Because this is likely to be such an emotional month--one of excitement but also sadness--this is the perfect time to spend my last few weeks of college reading and, hopefully, writing more poetry. I'm already subscribed via email to get a new poem in my inbox every morning (I've found some favorite poems this way!), and perhaps I'll finally take advantage of the Georgia Tech library for something other than class work. It has to have more than just textbooks and manuals and scholarly articles, right? To be determined.

I know I'm most creative when I have a clean and organized space to work in, so I spent some time today dusting and putting things away in my room. Hopefully I'm on track to creating a space that feels conducive to writing some poems of my own to add to my collection. Hopefully I'll be satisfied enough with at least one thing that I write that I'll be willing to share it here :)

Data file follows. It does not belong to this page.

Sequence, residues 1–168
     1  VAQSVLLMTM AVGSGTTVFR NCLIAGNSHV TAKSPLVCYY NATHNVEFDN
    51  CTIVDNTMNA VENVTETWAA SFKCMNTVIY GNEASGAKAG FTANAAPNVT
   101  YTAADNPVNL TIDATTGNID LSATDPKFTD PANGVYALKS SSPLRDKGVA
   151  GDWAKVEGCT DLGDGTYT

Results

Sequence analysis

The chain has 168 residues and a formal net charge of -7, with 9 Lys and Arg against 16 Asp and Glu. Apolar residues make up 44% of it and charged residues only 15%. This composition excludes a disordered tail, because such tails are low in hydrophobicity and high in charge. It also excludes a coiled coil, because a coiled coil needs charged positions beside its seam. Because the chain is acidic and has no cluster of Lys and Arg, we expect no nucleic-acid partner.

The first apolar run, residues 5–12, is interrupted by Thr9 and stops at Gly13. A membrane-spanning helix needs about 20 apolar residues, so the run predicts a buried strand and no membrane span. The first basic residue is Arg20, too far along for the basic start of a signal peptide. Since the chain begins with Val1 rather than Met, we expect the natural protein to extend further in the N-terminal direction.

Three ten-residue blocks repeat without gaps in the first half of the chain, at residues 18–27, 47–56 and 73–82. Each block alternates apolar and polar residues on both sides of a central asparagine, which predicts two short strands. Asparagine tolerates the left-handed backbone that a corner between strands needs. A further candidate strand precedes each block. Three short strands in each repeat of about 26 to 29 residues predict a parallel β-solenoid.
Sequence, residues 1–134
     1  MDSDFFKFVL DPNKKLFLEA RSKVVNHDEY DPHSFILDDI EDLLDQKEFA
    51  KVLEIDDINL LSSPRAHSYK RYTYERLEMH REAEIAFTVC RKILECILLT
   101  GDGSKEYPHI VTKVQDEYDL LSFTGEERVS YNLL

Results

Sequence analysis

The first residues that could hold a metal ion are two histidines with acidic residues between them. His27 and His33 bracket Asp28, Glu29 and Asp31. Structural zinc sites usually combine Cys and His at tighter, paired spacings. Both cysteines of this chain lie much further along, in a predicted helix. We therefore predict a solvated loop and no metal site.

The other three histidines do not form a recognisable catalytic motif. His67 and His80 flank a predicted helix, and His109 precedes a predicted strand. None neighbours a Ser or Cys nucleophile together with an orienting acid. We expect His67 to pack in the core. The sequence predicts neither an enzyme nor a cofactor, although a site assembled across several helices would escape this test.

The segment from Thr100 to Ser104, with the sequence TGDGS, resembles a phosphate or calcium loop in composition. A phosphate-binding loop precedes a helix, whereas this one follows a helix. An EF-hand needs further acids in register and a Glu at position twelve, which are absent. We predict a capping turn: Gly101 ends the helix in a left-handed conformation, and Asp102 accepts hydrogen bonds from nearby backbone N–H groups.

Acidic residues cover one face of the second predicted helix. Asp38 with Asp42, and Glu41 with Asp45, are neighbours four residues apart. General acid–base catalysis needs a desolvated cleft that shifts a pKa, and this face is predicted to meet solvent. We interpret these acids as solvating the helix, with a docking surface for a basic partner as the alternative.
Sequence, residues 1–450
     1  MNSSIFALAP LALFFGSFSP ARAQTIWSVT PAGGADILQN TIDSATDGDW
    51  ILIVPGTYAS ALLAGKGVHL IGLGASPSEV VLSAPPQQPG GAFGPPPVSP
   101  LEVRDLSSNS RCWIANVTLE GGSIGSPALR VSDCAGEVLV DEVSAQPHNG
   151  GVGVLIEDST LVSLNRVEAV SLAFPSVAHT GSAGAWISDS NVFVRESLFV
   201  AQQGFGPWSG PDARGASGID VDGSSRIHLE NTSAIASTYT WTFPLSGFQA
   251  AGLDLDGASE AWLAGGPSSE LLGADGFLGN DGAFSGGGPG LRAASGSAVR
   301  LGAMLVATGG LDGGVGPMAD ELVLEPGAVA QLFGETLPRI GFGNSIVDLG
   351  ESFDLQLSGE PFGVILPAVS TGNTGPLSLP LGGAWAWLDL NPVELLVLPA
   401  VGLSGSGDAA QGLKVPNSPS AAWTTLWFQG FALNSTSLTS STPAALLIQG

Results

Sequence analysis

I've had a headache for the better part of the afternoon, so I'm drinking some extra dark Irish breakfast tea in the hopes that the caffeine will lessen some of the throbbing. What are you drinking today?